‘Undress’ is the Felice Brothers’ 14th album, the first album of new material for three years and something of a treat. Another of those ‘recorded live’ records (though not quite, this one has minimal overdubs), it does capture a band channelling a vital energy and clearly enjoying themselves.
The 12 song collection opens with the title track which immediately signals intent; these brothers have something to say. Musically, the opening beckons the listener in with a delicate piano figure before settling into a mid-tempo piece, underpinned by ardent brass that carries the song to an immensely satisfying controlled-chaotic conclusion.
The whole album delivers neatly arranged and well played Americana/folk/roots/rock, but from the get-go it’s the lyrics that set the tone; ‘Undress’ as with many songs on this album raises an eyebrow in a ‘how did we get here?’ kind of way. ‘Undress’, in this instance, is a plea to strip away the titles, the obsessions with money and power and recognise where unreflective submission to base instinct has got us (Native American genocide), or could lead us (nuclear catastrophe). So come on Republicans, Democrats, “Caesars of wall street”, “Evangelicals (yeah, you)” it is time for a little humility and to look up the meaning of hubris.
And yet, the messages are delivered from a perspective that is a kind of charming knowing-naiveté. So ‘Special Announcement’ has the answer! The narrator is going to be the Commander-in-Chief to solve all of this. How? Easy! he is “Saving up my money, to be President” and so we are trapped again in the reality of trajectories that will continue inexorably unless we affect change. And all the time this is delivered over music that is instinctually Americana but never clichéd.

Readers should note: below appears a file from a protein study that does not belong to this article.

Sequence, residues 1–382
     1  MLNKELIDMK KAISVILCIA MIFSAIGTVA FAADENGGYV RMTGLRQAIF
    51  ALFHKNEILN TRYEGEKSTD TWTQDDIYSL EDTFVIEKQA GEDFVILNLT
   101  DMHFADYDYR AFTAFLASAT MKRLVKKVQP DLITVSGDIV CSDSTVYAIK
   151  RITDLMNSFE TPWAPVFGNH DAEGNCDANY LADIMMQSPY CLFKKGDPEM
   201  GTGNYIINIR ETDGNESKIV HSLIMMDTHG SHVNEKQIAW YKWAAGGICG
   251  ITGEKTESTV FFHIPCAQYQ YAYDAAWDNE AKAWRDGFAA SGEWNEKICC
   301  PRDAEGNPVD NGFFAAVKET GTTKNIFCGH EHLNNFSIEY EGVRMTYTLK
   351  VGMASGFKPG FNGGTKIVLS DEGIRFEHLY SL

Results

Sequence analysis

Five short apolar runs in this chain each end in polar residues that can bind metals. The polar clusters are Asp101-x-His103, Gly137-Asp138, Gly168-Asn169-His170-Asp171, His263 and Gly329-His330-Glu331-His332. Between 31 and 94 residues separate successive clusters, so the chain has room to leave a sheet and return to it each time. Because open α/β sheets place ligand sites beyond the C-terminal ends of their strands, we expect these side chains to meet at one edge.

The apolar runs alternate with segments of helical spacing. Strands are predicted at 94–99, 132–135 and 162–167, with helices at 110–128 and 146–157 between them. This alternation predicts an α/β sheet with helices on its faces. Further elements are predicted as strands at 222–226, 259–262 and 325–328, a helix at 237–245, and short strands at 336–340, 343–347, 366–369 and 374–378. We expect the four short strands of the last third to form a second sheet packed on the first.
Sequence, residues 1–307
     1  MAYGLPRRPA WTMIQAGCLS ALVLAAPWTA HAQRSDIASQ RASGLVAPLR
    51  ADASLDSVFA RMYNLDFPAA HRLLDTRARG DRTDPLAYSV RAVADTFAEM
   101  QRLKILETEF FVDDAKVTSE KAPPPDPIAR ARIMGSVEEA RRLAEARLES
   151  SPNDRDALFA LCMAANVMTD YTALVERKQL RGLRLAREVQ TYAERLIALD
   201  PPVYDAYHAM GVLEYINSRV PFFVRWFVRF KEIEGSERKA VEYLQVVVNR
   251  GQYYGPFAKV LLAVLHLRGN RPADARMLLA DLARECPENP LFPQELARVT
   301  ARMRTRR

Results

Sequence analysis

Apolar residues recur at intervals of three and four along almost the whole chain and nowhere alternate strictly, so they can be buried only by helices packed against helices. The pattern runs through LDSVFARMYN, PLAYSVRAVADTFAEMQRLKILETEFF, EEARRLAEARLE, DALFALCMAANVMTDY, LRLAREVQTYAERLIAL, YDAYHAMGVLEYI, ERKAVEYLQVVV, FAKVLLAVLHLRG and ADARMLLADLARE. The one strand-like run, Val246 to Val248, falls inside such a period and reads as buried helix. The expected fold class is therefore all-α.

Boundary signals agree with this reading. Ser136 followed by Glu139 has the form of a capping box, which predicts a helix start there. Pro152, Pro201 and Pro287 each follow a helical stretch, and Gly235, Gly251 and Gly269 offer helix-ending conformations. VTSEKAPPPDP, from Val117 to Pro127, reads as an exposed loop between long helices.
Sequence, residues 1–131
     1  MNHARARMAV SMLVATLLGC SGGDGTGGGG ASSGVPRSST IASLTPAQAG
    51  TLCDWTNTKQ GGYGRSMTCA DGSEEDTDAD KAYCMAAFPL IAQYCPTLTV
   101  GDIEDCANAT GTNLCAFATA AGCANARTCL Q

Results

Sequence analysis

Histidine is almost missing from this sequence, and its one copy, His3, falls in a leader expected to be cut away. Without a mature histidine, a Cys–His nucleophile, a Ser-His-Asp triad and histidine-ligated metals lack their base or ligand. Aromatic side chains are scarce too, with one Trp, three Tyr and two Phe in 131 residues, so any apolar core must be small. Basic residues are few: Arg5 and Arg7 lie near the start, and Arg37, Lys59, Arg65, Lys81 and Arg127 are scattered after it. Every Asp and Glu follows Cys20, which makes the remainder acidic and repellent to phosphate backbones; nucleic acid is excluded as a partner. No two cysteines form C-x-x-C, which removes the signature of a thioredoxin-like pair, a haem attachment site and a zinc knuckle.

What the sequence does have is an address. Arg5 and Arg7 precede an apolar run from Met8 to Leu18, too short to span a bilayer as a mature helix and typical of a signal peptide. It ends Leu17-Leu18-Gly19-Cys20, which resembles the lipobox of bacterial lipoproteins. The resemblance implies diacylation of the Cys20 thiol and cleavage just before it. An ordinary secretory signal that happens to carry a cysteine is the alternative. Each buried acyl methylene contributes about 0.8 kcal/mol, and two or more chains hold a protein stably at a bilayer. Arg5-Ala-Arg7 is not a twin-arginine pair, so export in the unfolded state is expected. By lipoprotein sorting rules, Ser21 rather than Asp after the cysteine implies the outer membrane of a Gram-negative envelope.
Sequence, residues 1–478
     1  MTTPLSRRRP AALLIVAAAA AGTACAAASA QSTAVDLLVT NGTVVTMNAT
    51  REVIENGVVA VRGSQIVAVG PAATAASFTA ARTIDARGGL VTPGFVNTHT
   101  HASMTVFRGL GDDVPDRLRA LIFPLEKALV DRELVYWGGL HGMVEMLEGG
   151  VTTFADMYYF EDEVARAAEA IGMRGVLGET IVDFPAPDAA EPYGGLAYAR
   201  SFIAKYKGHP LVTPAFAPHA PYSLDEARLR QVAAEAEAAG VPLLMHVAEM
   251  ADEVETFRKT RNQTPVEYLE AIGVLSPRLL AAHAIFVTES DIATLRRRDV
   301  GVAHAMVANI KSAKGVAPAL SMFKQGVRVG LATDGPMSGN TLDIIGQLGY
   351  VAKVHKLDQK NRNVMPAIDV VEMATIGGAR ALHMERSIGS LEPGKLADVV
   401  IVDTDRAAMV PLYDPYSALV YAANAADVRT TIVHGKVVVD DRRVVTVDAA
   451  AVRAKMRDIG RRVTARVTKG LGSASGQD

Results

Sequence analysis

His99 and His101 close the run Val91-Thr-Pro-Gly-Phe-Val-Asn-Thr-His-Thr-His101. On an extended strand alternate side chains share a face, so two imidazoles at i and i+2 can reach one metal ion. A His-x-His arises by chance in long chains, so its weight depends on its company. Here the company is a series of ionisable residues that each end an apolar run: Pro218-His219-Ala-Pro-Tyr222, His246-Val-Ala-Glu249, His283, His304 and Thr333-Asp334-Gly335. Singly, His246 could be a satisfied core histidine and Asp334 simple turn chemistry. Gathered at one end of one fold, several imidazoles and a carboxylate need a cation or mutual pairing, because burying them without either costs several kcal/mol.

In ‘Salvation Army Girl’, our saviour is in the form of the volunteer who will “Give you soup and bread for free” and “All the junkies agree looks like Jackie Kennedy” Ah! Again we are alight with the prospect of things that could have been, rather than the rather dour day to day experience of ‘The Kid’ who “lives in dark dreams” and although we know “The things that he did were wrong, but who is to blame; it’s as much his crime as it is yours and mine”.
And so it goes on: ‘The Kid’, ‘Hometown Hero’ and all have their victims, and frankly the odds look a little bleak. So is this a depressing record? Not a bit of it. For it is rather like Galadriel in Lord of the Rings when speaking of “Things that were…things that are…and some things that have not yet come to pass”, her message is, and I like to think the Felice Brothers through this fine set of songs are delivering the same, namely that “Even the smallest person can change the course of the future”. So have faith, believe in humanity, reflect on, and believe in the things that matter, do not give up hope, and in the meantime it really is better with (The Felice Brothers’) music.